In Mountlake Terrace, Wash., a supermarket-saturated suburb north of Seattle, it's evolution that's causing the revolution for independent natural foods market Manna Mills. To stay in the running for market share, the operator has shed its earthy health food store trappings and has turned to conventional merchandising and traditional marketing techniques.
"Change has been constant," said Karrie Stemmler, who owns Manna Mills along with her husband, Jay. "We now have changed every square inch of the store."
Stemmler's words are being echoed by many natural foods operators who are elated that their format has finally hit the big time -- and worried because mainstream supermarkets are taking more of their customer base.
"We go into the big stores and look around for ways to make our store better," said Stemmler. "We have to continually seek ways to draw our customers' attention to the great products we carry. Ideas come from many places. We want to sell products. That's why we are in the retail business."
Manna Mills fills a tidy 4,000 square feet of selling space that's chock full of organic and natural selections of dry grocery; 100% organic produce, dairy and frozens; and a full range of supplements, natural health and beauty items, and homeopathic remedies.
Some of the changes have included a revamping of the dry grocery section. Reset aisles were issued color blocks, with particular attention given to eye-level items. Endcaps have been added, and an entryway display focuses on value. A passive sampling station is positioned at the store's single entrance and is stocked daily to spur trial. Signs have been updated storewide, and cross-merchandising efforts are evident in every aisle.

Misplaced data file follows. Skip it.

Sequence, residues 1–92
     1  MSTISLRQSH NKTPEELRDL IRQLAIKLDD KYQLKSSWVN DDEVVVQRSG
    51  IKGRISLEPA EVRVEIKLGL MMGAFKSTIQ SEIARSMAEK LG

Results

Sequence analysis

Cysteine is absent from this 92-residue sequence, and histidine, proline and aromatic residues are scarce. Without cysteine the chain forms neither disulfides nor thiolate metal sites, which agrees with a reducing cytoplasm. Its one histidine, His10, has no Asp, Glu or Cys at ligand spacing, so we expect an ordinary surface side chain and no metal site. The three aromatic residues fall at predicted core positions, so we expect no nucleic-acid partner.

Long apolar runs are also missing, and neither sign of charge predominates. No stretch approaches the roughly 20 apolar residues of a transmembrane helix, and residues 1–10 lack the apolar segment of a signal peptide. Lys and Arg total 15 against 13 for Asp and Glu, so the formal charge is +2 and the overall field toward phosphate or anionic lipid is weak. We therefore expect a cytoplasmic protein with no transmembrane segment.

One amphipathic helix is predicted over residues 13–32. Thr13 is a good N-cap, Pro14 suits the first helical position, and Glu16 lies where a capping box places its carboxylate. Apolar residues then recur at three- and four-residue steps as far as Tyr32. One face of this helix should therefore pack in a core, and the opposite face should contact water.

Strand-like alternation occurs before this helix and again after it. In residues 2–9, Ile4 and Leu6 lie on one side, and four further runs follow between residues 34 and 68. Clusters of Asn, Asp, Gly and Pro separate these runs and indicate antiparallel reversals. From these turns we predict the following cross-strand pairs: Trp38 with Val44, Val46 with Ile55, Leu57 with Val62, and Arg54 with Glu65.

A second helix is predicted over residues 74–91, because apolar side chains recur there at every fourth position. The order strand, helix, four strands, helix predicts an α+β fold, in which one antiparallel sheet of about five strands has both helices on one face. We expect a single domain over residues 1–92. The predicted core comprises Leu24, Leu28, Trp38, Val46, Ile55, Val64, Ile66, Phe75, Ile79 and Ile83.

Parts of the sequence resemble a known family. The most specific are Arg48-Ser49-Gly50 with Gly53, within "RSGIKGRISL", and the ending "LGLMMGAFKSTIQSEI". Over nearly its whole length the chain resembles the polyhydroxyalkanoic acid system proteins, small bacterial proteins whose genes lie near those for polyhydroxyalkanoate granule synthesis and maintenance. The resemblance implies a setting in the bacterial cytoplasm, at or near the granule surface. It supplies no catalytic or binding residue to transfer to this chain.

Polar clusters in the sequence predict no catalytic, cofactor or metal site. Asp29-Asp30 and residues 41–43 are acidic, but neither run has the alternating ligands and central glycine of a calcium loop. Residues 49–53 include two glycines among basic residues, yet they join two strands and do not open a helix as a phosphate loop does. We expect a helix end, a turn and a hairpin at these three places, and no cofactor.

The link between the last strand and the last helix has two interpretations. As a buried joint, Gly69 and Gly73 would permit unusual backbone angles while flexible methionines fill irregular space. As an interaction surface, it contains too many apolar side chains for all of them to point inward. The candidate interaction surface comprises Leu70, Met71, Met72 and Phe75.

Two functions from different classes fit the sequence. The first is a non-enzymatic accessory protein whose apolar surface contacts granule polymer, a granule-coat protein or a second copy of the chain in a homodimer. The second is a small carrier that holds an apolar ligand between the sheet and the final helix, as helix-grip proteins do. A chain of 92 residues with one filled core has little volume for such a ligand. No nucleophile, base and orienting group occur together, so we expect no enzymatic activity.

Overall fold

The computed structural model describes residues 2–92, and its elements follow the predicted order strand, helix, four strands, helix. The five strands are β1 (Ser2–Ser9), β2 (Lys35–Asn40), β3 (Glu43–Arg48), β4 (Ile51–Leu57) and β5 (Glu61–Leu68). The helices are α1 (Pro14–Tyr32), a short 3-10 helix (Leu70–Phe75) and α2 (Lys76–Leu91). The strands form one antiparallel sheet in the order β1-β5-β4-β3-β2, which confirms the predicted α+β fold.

As independents, the Stemmlers have sought any small edge that will differentiate Manna Mills from other food retail outlets in the area.
"We want the shopping experience to be fun, relaxed and enjoyable," said Stemmler. "But I think what really sets us apart is our customer service and our quality products. A small shop has to compete outside the box to stand out."
Knowledgeable staff is the linchpin of Manna Mills' efforts to maintain the customer-service standards set down by the Stemmlers. The staff is encouraged to spend time with customers on the sales floor, helping customers read ingredients, find items and select supplements. Oftentimes, they end up giving impromptu store tours.
In a continual effort to expand its shopping cart share, Manna Mills is vigilant in reworking and refining merchandising, marketing and mix. Beer and wine have just been added to the store, highlighting organic, sulfite-free and locally produced selections.
"While we are competing with supermarkets and discount operators on a few items, we offer wines and beers that have something else to offer," said Stemmler.
"We have always carried alternative products like rich cheeses and soy milk. It was easy to carry wheat alternatives," she said. Owners for 10 years, the couple originally purchased a 30-year-old flour mill operation.
"Then we found there was a huge demand for retail items, much more than bulk products," said Stemmler.